EMD "F45" Locomotives

Last revised: June 12, 2022

By: Adam Burns

The EMD F45 was the final model purchased by the railroad industry for use in any type of passenger service capacity before the onset of Amtrak.

Only two railroads ultimately purchased the F45, the Great Northern and the Atchison, Topeka & Santa Fe, the latter of which approached Electro-Motive to create the model after finding the FP45 successful.

The F45 was essentially an SD45 in a semi-streamlined carbody (known as the "cowl" design) for use in passenger service.

The F45s saw roughly twenty years of service on the GN and successor Burlington Northern in freight service before being retired or sold while Santa Fe's lasted until the mid-1990s in freight service. 


Today, a few F45's and their unmistakable cowling, are still around.  To see one in action be sure to visit the Southern California Railway Museum in Perris (formerly the Orange Empire Railway Museum) which has restored Santa Fe FP45 #108 to operating condition.

Additionally, the Izaak Walton Inn in Essex, Montana has cosmetically restored a former AT&SF F45 as Great Northern #441 for use as hotel living quarters.

Santa Fe F45's with the eastbound hotshot, "Super C," at Summit, California (Cajon Pass). Date not recorded, but most likely taken in the early 1970s. American-Rails.com collection.


The EMD F45 began production in the summer of 1968 upon the request of the AT&SF to have an SD45 shrouded in a semi-streamlined carbody.

While initially not intended for use in passenger service some of the railroad's later orders included steam lines for use in a limited such capacity. The F45 was one of the few F models to feature a C-C truck setup.

Equipped with General Motors' 20-cylinder model 645E3 prime mover the F45 could produce a hefty 3,600 horsepower while its D77 traction motors allowed it to churn out a continuous tractive effort of 82,100 pounds and starting effort up to 90,000 pounds.

Upon seeing the Santa Fe's F45 in service and liking the model, the Great Northern decided to order a small fleet of them as well. Its locomotives were ordered with the cowl design for added crew safety, particularly in the mountainous territory between Washington State and western Montana, with the longer nose and cab sitting further back on the carbody.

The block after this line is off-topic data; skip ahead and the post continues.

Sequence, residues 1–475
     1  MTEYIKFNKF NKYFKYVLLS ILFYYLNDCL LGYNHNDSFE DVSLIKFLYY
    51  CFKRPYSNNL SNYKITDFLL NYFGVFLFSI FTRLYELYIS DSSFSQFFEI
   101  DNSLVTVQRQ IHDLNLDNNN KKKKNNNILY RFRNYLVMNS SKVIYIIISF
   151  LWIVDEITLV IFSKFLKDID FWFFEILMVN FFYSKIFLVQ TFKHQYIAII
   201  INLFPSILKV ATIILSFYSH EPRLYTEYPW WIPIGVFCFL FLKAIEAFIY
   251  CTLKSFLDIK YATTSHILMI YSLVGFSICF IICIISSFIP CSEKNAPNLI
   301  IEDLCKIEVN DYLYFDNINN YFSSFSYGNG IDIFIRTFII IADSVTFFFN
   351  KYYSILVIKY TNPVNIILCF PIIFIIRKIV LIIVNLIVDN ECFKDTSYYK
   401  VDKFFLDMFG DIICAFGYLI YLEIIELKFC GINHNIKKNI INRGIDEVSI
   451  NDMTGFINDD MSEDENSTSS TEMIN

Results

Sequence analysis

The Santa Fe's F45s came adorned in the railroad's "Bluebonnet" livery while the GN's fleet featured the railroad's new "Big Sky Blue" livery, a very late paint scheme that only lasted a few years before the Burlington Northern merger.

Santa Fe FP45 #105, circa 1969. American-Rails.com collection.

The F45 was reliable although it only saw use in service for a few years before the onset of Amtrak in the spring of 1971. In total, the Santa Fe rostered a fleet of 40 F45s, numbered 5900-5939. The BN itself went on to purchase another 20 for a total roster of 46 F45s.

Under GN, which first began receiving locomotives in May, 1969, its units were numbered 427-440 with BN's roster numbered 6614-6645. The final Burlington Northern-built F45s arrived in April, 1971.

F45 Production Roster

Owner Road Number(s) Quantity Date Built
Burlington Northern6614-6645221970-1971
Great Northern427-440141969
Santa Fe1900-1939401968

FP45 Production Roster

Owner Road Number(s) Quantity Date Built
Milwaukee Road1-551968
Santa Fe100-10891967

Being that the model was basically a freight service SD45 the F45s performed well in that capacity although they saw a relatively short career with BN, which sold or scrapped its fleet by the late 1980s and the Santa Fe doing the same by the mid-1990s.

As late as 2008 and 2009 both regionals New York, Susquehanna & Western and Montana Rail Link continued to use F45s in freight service. However, since then both railroads have removed theirs from service and subsequently scrapped the units.

  1. Home
  2.  ›
  3. Diesel Locomotives
  4.  ›
  5. EMD F45

Recent Articles

  1. Amtrak's "Missouri River Runner" (Train)

    Jun 27, 22 04:19 PM

    The Missouri River Runner is a regional train that connects St. Louis with Kansas City. The route was formerly as the Ann Rutledge, Kansas City Mule, and St. Louis Mule.

    Read More

  2. Erie Lackawanna Railway

    Jun 27, 22 02:30 PM

    The Erie Lackawanna Railway was formed through the Erie and Lackawanna railroads in 1960.

    Read More

  3. Short Line Railroad Listings (USA)

    Jun 27, 22 01:04 PM

    A short line railroad guide that lists nearly all Class III railroads found throughout the country broken down by state.

    Read More

  4. Locomotives (Trains)

    Jun 27, 22 12:45 PM

    What are locomotives? In this article we explore that question as well as the various types, their history, and purpose in general railroad applications. In essence, the locomotive powers a train.

    Read More

  5. Streamliners (Trains)

    Jun 27, 22 12:39 PM

    Read about many of the most well known streamliners here and why the period of the 1930s to 1960s is often considered the "Silver Age" of rail travel.

    Read More


Wes Barris's SteamLocomotive.com is simply the best web resource on the study of steam locomotives. 

It is difficult to truly articulate just how much material can be found at this website. 

It is quite staggering and a must visit!